Ship Attracts an International Mix

Road to Mandalay tour guide, Shan

Road to Mandalay tour guide, San Phjp Aye. (Photo: Yvonne Michie Horn)

On-board, seven Burmese guides, chosen for local knowledge, personality, and language fluency led shore excursions, all of which were included in the tariff.

The ship attracts an international mix – on my voyage Britain, the United States, Australia, Germany, France, Spain, Sweden, and China were represented. An air-conditioned bus for each language spoken awaited for morning and afternoon tours. I happily followed English-speaking San Phjp Aye who stepped aboard the Road to Mandalay as a guide in 1996 and stayed.

While docked at Bagan’s jetty, tours took us into the sun-baked plain where some 2,200 pagoda structures remain of the some 33,000 built by eleven kings during Burma’s 1044-1283 Golden Age. Shan led us through cave-like halls where magnificent Buddha statues hold forth, his flashlight revealing remnants of glorious frescoes that once covered interiors

Then into the village to a workshop where the fine lacquer ware for which Bagan is noted is created, before arriving at Thattbyinyu temple in time to find “bleacher” seating on a high level of the temple’s exterior to watch the sun set over the pagoda-studded plain.

Silversmith

Hours are spent imparting intricate designs on silver pieces. (Photo Yvonne Michie Horn)

As days on the Road to Mandalay progressed, I followed San’s measured footstep to view the intricate carvings of a teak monastery, the produce-crowded aisles of a village market, a temple covered in gold, a silversmith shop, a village dedicated to the making of pottery water vessels, a nunnery to observe the pink-robed nuns go about their daily tasks.

We watched the sun set behind the teak, U Bein pedestrian bridge over Lake Taungthaman, and another sunset from Sagaing’s mirror-encrusted Soon U Shu pagoda.

We stepped aboard one of the Ayeyerwady’s double-decked passenger ferries for a trip to Mingun to see what was commissioned to be Myanmar’s largest and most grandiose pagoda, left standing to molder before completion. We clanged the Mingun Bell, the world’s largest, and climbed the stairs of the white, seven-tiered Hisinbyume “wedding cake” pagoda for incomparable views.

weddin cake pagodo

A climb up the seven-tiered “wedding cake” pagoda offers rewards with splendid views. (Photo: Yvonne Michie Horn)

A Ritual at Dawn

The Road to Mandalay’s dockage at Mandalay is at the village of Shwe Kyet Yet, a few miles outside the city. Early one morning, passengers willing to rise at dawn walked into the village to watch the procession of saffron-robed monks walking barefoot through the village, as they do every morning, each carrying an alms bowl to receive gifts of a spoonful of food from householders waiting for them along the way. When at dock, the ship prepares trays of rice and stewed chicken to be ladled into the monks’ bowls as they pass in front of the village school that the ship has funded.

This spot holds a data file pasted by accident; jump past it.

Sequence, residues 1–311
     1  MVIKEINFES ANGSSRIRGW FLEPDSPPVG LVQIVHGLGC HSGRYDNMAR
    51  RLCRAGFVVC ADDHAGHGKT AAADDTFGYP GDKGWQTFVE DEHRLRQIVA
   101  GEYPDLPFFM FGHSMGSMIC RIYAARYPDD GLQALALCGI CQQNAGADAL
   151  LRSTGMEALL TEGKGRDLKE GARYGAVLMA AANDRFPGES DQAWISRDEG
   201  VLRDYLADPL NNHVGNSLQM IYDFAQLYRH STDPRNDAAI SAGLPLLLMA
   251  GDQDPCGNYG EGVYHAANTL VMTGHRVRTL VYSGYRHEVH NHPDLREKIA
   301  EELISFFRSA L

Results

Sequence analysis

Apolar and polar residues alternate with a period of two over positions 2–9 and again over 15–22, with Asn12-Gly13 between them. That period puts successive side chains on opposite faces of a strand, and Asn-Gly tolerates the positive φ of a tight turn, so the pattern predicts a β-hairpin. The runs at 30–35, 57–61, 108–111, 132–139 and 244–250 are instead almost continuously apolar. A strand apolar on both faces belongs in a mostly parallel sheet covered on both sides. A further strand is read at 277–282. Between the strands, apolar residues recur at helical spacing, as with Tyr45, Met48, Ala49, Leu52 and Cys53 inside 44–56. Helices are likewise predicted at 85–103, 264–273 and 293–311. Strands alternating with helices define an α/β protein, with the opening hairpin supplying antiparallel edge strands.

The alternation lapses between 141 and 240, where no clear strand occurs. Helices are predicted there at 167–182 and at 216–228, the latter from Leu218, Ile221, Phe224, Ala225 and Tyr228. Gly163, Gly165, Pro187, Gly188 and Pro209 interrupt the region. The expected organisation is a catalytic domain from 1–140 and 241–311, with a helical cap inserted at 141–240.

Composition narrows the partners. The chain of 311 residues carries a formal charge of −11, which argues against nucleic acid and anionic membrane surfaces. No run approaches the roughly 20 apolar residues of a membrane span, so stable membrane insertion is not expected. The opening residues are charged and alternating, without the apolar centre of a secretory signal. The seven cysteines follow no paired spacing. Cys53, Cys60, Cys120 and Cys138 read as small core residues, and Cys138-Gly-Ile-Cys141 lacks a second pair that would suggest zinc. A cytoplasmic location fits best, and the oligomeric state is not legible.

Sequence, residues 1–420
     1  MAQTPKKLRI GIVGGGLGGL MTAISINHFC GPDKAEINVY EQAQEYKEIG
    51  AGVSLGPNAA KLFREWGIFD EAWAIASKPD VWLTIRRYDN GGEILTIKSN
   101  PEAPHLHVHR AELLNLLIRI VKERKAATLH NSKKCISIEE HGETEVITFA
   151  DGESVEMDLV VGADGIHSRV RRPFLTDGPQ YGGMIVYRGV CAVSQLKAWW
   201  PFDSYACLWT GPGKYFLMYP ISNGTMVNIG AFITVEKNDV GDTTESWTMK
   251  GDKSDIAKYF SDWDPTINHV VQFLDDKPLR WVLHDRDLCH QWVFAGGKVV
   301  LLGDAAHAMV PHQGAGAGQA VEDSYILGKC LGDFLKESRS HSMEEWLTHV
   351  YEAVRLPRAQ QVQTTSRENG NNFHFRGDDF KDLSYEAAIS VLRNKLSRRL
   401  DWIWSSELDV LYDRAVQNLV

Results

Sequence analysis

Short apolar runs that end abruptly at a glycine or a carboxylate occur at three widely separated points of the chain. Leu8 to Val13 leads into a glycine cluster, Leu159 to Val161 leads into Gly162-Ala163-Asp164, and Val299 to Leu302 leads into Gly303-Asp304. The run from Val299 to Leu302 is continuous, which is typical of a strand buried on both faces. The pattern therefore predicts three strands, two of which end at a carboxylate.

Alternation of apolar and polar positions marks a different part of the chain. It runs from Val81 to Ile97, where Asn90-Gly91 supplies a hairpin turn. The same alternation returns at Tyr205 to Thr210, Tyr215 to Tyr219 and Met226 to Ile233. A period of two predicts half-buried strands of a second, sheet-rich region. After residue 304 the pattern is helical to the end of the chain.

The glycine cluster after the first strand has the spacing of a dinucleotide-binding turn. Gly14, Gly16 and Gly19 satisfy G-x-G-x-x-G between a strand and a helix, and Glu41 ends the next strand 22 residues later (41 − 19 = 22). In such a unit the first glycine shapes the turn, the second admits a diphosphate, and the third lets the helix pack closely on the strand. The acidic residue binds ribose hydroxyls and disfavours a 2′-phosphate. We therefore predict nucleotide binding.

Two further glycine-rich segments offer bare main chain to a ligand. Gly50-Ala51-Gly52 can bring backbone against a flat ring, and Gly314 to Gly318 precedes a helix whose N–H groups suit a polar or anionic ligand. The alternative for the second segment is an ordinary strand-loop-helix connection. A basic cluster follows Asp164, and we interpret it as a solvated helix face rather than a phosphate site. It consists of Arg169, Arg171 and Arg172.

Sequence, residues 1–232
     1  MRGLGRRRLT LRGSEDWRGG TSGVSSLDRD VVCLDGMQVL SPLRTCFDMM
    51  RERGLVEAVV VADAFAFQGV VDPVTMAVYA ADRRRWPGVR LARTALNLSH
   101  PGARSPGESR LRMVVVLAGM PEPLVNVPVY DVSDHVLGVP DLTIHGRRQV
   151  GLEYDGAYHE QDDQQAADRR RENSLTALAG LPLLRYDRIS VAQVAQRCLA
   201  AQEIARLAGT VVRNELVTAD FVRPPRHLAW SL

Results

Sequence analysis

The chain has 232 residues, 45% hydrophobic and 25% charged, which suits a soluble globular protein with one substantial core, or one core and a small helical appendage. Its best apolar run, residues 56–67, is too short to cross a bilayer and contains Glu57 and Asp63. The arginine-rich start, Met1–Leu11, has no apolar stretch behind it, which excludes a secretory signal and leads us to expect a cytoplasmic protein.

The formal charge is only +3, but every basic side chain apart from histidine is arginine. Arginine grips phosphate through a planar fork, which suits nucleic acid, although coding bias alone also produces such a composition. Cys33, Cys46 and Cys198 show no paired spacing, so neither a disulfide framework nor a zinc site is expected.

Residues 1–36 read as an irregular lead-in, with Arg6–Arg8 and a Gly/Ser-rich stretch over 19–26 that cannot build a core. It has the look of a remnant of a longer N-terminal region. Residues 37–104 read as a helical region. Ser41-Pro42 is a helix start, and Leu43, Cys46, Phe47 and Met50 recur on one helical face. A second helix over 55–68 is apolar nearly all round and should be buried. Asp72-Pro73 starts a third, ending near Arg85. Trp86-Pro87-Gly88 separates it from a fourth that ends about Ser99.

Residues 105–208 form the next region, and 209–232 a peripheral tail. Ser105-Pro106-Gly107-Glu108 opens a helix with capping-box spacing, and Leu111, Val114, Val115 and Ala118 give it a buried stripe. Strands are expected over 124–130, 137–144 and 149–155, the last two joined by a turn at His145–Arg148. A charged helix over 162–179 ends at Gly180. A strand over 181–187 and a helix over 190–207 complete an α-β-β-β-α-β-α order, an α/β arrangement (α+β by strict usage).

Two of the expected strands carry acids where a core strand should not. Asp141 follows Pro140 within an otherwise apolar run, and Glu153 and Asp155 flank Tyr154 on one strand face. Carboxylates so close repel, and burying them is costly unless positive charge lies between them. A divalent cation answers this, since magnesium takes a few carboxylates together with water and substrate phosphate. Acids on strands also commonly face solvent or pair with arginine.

Saffron-robed monks (Photo Yvonne Michie Horn)

Saffron-robed monks carrying alms bowls walk through the village the village of Shwe Kyet Yet. (Photo Yvonne Michie Horn)

While traveling on the Ayerwady, in addition to watching the life of the river sail by, guests took part in a cooking demonstration, learned how to put on a longji, the “skirt” worn by both men andwomen throughout the country; and viewed the mixing and applying of thanaka, the pale-yellow paste made of the wood of the thanaka tree with which women decorate their faces in intricate patterns.

Thankaka paste

Women decorate their faces in intricate patterns with pale-yellow Thankaka paste. (Photo: Yvonne Michie Horn)

All too soon is was time to say goodbye to the Road to Mandalay. Bags were collected and sorted with departure orchestrated with the same attention to detail and graciousness of service experienced throughout my five day voyage.

While sailing Rudyard Kipling’s “road,” I’d not seen “flying fishes play, or the dawn come up like thunder ‘cross China cross the bay.” No matter. I’d seen far more. Remarkable, indelible images, forever memorable of this long-closed Golden Land.

Practicalities

  • Money matters: Bring a supply of brand-new US dollars with you, enough to cover every eventuality. Only crisp, new bills are accepted. ATMs cannot be used and credit cards are not accepted, other than on the ship. Although dollars are accepted almost everywhere, a supply of local currency can be helpful for small purchases and tips. Best exchange is NOT at the airport.
  • Crime against tourists is all but non-existent throughout the country.
  • Be prepared to take off your shoes and socks when entering a pagoda. Pack a supply of wipes to clean your feet before putting your shoes back on.